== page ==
To Break the Cycle of Poverty, We Need to Break the Cycle of Incarceration

In March, the first woman freed from prison under the First Step Act started her new job at Walmart, thanks to a phone call from Jared Kushner.

Catherine Toney has a chance at a new life. With stable employment, the likelihood that she will end up back in prison is lower by at least 20 percent. The likelihood that she will end up in poverty is also lower.

But, sadly, many others will not be so lucky. The truth is that, interventions like Kushner’s aside, the challenges faced by formerly incarcerated individuals are extensive and far-reaching. Returning citizens face a stigma in society that often limits their opportunities for employment, housing and education. Turning to old habits and the familiar past can sometimes seem like the only option for these men and women.

Incarceration is inextricably linked to poverty, and it’s a vicious cycle: Poverty is a leading driver of incarceration, and incarceration is a leading driver of poverty. A newly released study by the Brookings Institution found that growing up in poverty significantly increases the likelihood of incarceration. And according to civil rights scholar and author Michelle Alexander, two-thirds of those detained in jails report annual incomes under $12,000 prior to arrest.

But for most of the 620,000 people released from U.S. prisons every year, a new life doesn’t always happen: Another study found that after being out of prison for 20 years, over three-quarters of formerly incarcerated individuals who didn’t finish high school were in the bottom 20 percent of income earners. One-third will end up back behind bars at some point in their lives.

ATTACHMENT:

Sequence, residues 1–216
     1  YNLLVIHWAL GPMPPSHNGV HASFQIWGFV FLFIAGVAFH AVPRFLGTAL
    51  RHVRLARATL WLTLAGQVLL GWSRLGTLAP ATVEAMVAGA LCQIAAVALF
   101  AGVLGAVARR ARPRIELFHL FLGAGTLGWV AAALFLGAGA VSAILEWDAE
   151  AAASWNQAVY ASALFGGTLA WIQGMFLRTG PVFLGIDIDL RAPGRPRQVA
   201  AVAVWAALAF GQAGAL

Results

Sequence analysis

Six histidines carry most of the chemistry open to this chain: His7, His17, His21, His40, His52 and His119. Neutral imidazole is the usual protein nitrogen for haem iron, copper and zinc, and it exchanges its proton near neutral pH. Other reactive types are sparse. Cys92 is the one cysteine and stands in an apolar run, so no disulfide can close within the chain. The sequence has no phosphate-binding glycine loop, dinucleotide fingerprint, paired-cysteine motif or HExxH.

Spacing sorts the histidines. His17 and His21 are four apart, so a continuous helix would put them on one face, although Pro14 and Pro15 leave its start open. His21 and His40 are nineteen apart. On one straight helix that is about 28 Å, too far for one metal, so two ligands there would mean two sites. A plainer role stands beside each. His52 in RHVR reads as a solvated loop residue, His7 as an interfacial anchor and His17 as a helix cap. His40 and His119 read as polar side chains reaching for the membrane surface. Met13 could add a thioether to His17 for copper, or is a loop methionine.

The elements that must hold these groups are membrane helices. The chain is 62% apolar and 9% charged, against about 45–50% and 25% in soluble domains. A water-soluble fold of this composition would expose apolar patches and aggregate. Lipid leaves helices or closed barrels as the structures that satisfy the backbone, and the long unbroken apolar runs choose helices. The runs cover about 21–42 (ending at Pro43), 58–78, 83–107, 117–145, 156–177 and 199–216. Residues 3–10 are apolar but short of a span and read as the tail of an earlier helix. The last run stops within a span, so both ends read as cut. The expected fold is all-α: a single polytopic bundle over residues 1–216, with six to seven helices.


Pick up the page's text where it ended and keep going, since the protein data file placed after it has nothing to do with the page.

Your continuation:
Our communities are safest when those who have been incarcerated have a real chance at redemption when they return home, and we shouldn’t just be playing lip service to the principle of second chances. We need to believe that these individuals can and will transform their lives if given the tools and opportunity.

Justice reform plays a vital part in second chances, and it’s sorely needed. The United States has the highest rate of incarcerated individuals in the world, with over 2 million people in state and federal prisons, juvenile correctional facilities, local jails and military prisons. Americans make up less than five percent of the world’s population, but the U.S. has 22 percent of the world’s prison population. One of many reasons for this is that we have criminalized activities that other countries don’t always perceive as crimes – like some drug offenses – which have driven many people into incarceration.

Legislation like the First Step Act has brought much-needed change to the federal justice system – changes that can reduce a formerly incarcerated individual’s chance of reoffending. But it is not, and should not be, the only answer. The U.S. government spends over $80 billion a year on corrections, but the most effective — and most cost-effective — solutions are happening at the community level. For years, community groups and organizations across the country have been helping individuals who have served time not just in federal prisons but in state and local correctional facilities start fresh and forge new paths.